MA and PhD, Performance Studies, New York University
BA, Philosophy, Stanford University
Assistant Professor, The Arts, DanceProfile:
In my research, I analyze the social, cultural, and historical conditions that affect how people move. I’m fascinated by critical theories of the body, and I tend to think about dance as an arena for experimental relations between self and other. These interests are informed by my experience as a dancer – taking class, rehearsing, and performing (most recently for the choreographers DD Dorvillier and Beth Gill). Persistent shuttling between dance practice and academic work – two worlds that I’ve been trying to bridge for as long as I can remember – has shown me that dance and critical theory inform each other in significant ways, revealing much about embodiment, subjectivity, and notions of identity. I hope to make these relations apparent in my classes. Courses Taught:
Between the Studio and the Study
Dance and Theories of Community
- Debates in Performance Studies
Foundations in Dance Studies
Politics of Improvisation
Senior Seminar: Re-Imagining the Archive
Books: Office Location:
I Want to be Ready: Improvised Dance as a Practice of Freedom, Ann Arbor: University of Michigan Press, 2010.
“Improvising in a Different Time: Ishmael Houston Jones’s THEM,” Oxford Handbook of Critical Improvisation Studies, eds. George Lewis and Benjamin Piekut, Oxford University Press. (Forthcoming)
“Deborah Hay’s O,O,” Planes of Composition, eds.André Lepecki and Jenn Joy, Seagull Press, 2010.
Co-editor (with Trajal Harrell), Movement Research Performance Journal #33 (August 2008).
“Sound Gestures: Posing Questions for Music and Dance,” Women & Performance: a journal of feminist theory, Women & Performance: a journal of feminist theory, 17,2 (Summer 2007).
“Undefined Space in Auf den Tisch: A Conversation between Beth Gill and Danielle Goldman,” Movement Research Performance Journal #36, January 2010.
“Deborah Hay: Stepping Aside, With Eyes Askance,” TDR: The Drama Review, 51,2 (Summer 2007): 157-170.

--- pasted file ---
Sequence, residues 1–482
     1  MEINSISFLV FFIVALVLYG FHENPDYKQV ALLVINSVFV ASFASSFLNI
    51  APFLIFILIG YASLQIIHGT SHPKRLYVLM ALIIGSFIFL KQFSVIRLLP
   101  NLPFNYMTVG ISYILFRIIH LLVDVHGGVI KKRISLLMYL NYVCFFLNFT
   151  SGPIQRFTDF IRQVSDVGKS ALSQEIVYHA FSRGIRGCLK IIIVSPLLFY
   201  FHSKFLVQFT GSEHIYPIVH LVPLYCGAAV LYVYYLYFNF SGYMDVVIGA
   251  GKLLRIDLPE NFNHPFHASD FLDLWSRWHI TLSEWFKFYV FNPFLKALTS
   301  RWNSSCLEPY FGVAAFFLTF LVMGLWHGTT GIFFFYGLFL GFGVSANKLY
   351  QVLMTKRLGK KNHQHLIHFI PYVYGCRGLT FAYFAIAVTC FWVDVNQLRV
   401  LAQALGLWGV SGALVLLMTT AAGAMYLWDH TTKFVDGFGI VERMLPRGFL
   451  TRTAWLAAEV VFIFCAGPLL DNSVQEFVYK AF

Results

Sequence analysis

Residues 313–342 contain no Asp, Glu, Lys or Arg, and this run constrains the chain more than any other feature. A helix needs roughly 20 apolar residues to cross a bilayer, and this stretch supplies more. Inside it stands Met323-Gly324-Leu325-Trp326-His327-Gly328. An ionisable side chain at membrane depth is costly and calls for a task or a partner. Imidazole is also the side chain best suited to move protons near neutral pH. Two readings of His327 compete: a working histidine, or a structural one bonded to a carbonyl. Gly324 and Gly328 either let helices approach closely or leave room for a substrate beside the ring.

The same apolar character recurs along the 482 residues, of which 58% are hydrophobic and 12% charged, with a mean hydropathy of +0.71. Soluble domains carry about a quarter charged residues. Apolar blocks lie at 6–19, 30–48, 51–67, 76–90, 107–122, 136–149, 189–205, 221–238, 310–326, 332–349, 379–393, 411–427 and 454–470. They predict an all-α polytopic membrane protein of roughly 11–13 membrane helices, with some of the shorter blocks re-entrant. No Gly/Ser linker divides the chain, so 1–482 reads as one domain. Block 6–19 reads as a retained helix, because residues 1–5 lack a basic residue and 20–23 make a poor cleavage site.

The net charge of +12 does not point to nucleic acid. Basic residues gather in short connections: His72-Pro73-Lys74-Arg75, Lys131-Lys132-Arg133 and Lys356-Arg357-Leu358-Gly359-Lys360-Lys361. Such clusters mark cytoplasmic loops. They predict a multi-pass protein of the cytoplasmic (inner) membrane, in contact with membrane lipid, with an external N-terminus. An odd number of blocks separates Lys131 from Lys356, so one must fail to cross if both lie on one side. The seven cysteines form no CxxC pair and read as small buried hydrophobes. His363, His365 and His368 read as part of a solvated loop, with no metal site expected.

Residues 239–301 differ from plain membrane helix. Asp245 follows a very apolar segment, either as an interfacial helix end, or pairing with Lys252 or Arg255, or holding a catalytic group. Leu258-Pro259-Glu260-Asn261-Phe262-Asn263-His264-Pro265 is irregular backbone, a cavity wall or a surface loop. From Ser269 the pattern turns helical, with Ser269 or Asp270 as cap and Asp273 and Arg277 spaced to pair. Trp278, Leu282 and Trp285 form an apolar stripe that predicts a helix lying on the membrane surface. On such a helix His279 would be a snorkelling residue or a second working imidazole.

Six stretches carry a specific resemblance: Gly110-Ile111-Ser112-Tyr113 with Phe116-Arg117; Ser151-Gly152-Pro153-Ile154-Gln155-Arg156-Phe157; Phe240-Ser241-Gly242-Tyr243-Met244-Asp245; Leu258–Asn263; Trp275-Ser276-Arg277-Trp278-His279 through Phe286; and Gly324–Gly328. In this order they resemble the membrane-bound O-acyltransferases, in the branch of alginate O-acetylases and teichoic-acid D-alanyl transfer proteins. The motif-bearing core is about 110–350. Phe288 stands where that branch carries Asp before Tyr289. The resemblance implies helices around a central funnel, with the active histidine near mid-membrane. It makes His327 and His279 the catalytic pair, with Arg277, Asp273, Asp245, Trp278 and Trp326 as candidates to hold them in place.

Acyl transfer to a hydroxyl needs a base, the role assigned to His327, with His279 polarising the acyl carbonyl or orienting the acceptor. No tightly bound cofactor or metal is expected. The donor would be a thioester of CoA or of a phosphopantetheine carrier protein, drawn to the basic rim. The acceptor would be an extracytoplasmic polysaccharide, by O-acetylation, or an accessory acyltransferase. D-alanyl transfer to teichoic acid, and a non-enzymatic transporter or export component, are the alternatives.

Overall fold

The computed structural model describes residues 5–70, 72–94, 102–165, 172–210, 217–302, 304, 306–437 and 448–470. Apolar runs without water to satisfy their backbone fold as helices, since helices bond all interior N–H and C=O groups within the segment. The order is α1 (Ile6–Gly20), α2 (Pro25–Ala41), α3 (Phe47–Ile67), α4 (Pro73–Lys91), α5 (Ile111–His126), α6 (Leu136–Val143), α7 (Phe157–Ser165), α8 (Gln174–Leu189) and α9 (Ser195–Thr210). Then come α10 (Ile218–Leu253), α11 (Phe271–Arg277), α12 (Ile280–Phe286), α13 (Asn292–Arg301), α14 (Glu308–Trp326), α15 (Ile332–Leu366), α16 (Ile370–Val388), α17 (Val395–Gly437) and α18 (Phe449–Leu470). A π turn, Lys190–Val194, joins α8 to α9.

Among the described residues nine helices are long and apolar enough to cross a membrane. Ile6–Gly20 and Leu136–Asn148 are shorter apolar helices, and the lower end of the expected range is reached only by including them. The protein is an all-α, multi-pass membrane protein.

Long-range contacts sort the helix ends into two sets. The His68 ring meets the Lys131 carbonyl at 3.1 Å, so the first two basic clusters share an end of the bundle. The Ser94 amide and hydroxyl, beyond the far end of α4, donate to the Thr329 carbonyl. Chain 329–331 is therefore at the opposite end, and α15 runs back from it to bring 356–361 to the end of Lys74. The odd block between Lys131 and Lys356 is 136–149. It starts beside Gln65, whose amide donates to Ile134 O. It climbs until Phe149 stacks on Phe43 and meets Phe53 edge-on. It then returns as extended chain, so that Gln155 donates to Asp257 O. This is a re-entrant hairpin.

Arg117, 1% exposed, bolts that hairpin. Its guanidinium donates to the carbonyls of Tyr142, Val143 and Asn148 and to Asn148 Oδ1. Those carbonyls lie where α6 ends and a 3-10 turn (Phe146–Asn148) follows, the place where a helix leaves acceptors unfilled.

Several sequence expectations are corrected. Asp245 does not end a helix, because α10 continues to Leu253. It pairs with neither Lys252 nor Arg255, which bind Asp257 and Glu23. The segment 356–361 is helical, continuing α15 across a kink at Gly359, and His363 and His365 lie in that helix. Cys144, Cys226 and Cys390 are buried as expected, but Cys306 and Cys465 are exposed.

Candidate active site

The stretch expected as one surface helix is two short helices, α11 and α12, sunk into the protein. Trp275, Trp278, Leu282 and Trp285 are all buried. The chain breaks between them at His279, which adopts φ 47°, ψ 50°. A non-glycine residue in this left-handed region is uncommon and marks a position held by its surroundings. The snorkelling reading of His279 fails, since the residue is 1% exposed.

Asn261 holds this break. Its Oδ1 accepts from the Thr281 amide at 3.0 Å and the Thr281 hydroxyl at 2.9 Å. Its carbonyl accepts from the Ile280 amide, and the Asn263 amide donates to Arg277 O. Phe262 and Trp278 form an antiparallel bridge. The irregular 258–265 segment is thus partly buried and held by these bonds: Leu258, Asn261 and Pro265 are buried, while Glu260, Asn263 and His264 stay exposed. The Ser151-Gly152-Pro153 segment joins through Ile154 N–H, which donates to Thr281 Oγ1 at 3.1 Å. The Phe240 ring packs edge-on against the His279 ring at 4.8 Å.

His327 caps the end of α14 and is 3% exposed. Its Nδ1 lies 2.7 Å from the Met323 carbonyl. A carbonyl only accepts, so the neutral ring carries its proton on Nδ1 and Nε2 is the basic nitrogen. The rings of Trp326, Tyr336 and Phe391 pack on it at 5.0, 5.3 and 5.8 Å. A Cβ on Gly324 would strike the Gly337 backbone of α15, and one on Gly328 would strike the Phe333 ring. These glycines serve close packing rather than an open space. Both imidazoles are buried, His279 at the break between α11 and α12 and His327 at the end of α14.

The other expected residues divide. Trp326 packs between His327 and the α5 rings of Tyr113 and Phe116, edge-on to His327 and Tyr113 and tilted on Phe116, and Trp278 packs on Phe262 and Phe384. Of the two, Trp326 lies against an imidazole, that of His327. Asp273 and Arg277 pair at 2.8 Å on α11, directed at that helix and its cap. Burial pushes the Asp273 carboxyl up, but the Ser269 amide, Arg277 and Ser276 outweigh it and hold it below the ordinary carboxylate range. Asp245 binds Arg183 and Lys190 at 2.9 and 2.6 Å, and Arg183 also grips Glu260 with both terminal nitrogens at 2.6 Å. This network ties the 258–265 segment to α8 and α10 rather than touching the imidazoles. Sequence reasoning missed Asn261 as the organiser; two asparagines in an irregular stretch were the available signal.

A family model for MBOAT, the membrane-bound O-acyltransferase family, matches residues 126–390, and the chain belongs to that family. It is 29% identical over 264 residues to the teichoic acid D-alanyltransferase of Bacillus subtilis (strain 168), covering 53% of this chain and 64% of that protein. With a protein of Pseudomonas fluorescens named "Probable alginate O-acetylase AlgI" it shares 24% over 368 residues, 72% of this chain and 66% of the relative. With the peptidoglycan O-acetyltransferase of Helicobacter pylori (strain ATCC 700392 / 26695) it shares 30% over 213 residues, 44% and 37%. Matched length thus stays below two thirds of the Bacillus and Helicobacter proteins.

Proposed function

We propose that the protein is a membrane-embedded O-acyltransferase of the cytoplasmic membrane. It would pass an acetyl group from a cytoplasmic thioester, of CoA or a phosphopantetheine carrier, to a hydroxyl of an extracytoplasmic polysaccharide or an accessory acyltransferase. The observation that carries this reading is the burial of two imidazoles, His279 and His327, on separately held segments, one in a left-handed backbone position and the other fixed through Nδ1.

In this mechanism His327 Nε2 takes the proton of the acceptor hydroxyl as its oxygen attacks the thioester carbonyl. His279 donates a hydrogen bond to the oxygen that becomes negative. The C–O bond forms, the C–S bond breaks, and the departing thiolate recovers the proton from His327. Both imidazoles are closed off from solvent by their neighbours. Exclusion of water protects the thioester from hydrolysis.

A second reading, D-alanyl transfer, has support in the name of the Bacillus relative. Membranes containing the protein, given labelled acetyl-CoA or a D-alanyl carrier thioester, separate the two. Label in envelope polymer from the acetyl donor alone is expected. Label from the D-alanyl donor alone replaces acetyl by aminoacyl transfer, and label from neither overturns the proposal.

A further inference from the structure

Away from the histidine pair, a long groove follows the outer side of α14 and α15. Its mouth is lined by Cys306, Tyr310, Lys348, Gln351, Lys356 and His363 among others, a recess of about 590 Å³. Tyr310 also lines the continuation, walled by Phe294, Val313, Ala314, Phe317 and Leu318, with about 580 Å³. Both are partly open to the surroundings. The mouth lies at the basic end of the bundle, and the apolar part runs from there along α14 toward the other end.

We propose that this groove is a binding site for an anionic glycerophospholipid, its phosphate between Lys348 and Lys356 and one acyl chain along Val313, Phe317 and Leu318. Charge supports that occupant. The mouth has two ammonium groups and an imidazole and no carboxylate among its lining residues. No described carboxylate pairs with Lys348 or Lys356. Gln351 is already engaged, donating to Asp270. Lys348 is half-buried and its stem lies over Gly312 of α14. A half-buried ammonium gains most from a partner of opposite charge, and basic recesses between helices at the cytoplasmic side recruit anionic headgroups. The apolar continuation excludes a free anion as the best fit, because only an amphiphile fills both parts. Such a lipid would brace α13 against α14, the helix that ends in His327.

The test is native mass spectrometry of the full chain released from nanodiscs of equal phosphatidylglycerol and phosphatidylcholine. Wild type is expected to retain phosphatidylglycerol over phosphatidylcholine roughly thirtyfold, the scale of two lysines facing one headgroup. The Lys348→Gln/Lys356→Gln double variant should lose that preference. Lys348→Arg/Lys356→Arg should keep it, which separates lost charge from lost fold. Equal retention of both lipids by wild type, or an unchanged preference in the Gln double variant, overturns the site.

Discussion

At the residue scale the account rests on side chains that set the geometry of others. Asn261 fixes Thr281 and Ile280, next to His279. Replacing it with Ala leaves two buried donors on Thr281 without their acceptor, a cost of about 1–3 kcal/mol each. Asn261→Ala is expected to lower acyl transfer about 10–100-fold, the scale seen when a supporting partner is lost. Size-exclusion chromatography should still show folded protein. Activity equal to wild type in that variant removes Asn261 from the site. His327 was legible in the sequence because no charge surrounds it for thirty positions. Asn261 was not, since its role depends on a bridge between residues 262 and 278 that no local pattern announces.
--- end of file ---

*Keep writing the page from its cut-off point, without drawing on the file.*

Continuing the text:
“Introduction: Sound Gestures: Posing Questions for Music and Dance,” Women & Performance: a journal of feminist theory, 17,2 (Summer 2007): 123-138.
“A Conversation with Zeena Parkins,” Women & Performance: a journal of feminist theory, Routledge, Taylor & Francis, 17,2 (Summer 2007): 247-256.
“Bodies on the Line: Contact Improvisation and Techniques of Non-Violent Protest,” Dance Research Journal, 37, 1 (Summer 2007): 60-74.
“Ghostcatching: an Intersection of Technology, Labor, and Race,” Dance Research Journal, Winter 2003 & Summer 2004: 68-87.
65 W. 11th Street, room B054Office Hours:
Mondays 4-5Phone Number/Extension:
212 229-5100 ext 2286Email:GoldmaDT@newschool.eduResearch Interests:
- Critical Dance Studies
- Performance Studies
- Race, gender, and sexuality
- Philosophies of the body
Congress on Research in Dance, Board of Directors
- Movement Research Artist Advisory Council, Member
Women and Performance: a journal of feminist theory, Editorial Board Member
Society of Dance History Scholars
Performance Studies International
American Studies Association
Performer, Electric Midwife, choreographed by Beth Gill. The Chocolate Factory, Long Island City, Queens, NY, June 17-July 2, 2011. Works-in-Progress showings at Roulette, February 26, 2011 and Catch, March 12, 2011.
Performer, User, choreographed by Rachel Bernsen in collaboration with the performers, Judson Memorial Church, New York, NY, February 8, 2010.
Performer, Study for N, N, & D and Study for Two Women and One Man, choreographed by Beth Gill. Danspace Project: New York, NY, April 24, 2009.
Performer, what it looks like, what it feels like, choreographed by Beth Gill. The Kitchen: New York, NY, November 20-22, 2008.
Performer, Nottthing is Importanttt choreographed by DD Dorvillier. Impulstanz: Vienna International Dance Festival. Kasino am Schwarzenbergplatz: Vienna, Austria, August 7-10, 2008; Playground, STUK: Leuven, Belgium, November 2-3, 2008; The Kitchen, New York City, February 1-10, 2007.